One of my favorite things is when someone visits the digital archive and emails me saying, “My dad restored that car, the little kid in the picture is me.” Connecting people to history through automotive photography is something special, and the stories behind [the photos] always fascinate me.
You’re not just an archivist; you are a special-collections caretaker, librarian, conservator, and historian. You describe your job as “taking care of everything that is not a car.” What do you mean?
When archivists are not organizing a national collection, maintaining a library, or performing administrative tasks, they are contextualizing material for curators and the public as well. I never dreamt I would be able to do all the things I love about museums in one place; exhibits, conservation, helping write and research topics, and managing a unique library of books. At the Petersen Museum, I have the freedom to do it all and feel very lucky in that regard.
Other aspects of the work I do for the Petersen Museum include weekly gallery checks to make sure all the artifacts we maintain are clean, setting up exhibit display cases, installations, and organizing the collections downstairs. I also respond to questions by researchers, process photo requests from restoration artists restoring cars, and digitize items for exhibits. I don’t believe in the phrase, “that’s not my job.”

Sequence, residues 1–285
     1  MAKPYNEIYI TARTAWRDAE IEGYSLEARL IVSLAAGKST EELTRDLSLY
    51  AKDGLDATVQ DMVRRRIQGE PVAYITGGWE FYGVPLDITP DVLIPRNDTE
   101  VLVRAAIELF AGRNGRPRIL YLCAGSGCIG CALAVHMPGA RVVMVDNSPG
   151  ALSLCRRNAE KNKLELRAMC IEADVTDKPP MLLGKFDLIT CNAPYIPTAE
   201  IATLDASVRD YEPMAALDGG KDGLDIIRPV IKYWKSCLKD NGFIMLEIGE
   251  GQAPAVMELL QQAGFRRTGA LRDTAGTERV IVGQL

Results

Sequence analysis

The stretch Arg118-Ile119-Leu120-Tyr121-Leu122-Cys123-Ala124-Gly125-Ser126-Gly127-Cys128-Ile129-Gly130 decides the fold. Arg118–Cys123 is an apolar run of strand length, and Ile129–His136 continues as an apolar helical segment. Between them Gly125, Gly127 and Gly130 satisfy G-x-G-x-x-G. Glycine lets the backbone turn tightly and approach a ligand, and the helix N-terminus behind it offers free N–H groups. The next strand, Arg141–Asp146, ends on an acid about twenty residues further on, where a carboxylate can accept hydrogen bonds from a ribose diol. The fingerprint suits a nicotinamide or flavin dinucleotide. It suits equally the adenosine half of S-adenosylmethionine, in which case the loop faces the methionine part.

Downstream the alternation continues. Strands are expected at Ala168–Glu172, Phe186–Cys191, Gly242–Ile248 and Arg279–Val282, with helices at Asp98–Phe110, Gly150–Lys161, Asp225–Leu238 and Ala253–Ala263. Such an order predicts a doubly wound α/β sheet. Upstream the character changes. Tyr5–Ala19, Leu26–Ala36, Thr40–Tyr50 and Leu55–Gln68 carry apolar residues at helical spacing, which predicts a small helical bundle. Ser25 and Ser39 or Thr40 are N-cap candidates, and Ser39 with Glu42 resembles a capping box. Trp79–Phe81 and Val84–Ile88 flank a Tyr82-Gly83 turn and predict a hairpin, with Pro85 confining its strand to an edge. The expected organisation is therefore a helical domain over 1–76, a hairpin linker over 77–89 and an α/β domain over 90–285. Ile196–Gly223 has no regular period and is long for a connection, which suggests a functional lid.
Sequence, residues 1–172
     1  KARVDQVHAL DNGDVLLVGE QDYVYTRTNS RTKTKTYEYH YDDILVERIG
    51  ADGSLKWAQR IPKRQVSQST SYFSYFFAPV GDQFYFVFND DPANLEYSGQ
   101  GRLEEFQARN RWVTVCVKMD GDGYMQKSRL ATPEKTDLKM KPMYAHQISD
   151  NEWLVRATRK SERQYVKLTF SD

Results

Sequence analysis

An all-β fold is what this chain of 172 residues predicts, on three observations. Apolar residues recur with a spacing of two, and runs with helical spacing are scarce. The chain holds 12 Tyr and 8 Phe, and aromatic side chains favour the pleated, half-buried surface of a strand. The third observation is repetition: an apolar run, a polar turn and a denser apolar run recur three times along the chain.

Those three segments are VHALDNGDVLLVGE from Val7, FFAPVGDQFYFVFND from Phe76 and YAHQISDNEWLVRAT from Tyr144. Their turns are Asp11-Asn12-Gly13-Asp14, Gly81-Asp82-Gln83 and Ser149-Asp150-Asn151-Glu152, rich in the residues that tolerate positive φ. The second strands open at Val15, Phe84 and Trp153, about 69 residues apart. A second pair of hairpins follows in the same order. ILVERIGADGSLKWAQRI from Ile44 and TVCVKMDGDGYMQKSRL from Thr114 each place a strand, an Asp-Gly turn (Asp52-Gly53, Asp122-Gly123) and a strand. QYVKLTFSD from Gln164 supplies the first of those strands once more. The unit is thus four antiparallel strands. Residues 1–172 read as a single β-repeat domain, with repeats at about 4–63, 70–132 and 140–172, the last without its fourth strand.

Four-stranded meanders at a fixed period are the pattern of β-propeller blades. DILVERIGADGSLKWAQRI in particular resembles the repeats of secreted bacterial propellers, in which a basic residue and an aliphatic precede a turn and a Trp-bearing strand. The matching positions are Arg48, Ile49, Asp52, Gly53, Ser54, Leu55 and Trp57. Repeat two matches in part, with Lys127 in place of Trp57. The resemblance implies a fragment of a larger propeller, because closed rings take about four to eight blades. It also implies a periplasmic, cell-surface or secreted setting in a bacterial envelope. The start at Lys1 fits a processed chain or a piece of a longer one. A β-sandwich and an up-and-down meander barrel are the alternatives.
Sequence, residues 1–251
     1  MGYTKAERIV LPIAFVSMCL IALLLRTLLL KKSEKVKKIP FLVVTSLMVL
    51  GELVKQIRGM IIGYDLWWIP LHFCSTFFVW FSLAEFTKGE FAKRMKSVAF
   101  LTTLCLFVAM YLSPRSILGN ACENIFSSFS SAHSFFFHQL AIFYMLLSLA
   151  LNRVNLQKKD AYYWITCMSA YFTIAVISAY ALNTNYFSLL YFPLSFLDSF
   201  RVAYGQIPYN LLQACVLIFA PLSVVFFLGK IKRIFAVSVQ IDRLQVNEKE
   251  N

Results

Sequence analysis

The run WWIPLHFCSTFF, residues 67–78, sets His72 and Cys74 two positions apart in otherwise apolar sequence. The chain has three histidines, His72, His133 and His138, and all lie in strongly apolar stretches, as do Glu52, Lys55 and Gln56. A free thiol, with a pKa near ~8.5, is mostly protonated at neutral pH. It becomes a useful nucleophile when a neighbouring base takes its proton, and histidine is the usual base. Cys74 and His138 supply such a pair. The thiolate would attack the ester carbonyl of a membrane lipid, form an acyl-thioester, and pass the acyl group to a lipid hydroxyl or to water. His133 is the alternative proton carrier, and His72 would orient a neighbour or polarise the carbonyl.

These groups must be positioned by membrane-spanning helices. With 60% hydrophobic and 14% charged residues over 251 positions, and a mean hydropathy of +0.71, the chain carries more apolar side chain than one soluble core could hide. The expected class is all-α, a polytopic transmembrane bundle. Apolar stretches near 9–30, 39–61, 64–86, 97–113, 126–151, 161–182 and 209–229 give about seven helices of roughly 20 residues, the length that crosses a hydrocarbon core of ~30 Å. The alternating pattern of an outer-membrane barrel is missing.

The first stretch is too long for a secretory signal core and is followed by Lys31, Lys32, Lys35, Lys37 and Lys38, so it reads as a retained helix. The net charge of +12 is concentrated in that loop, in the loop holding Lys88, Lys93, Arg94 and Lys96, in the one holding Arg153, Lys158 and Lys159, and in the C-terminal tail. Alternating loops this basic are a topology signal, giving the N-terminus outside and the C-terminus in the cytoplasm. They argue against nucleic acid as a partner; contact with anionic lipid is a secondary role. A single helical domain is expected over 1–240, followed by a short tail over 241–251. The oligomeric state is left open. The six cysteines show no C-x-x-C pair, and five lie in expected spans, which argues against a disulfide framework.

As a museum archivist, what is one of the biggest challenges you have faced?
Resources. You can dream up high-in-the-sky ideas, but if you don’t receive the grants to fund them efficiently within a timeline, they’re just dreams. So, you have to do the best that you can at the moment with the resources you have; it’s not always going to be perfect. We’re building an archive from the ground up with limited resources, and making small compromises helps; around here, we call that “MacGyvering it.”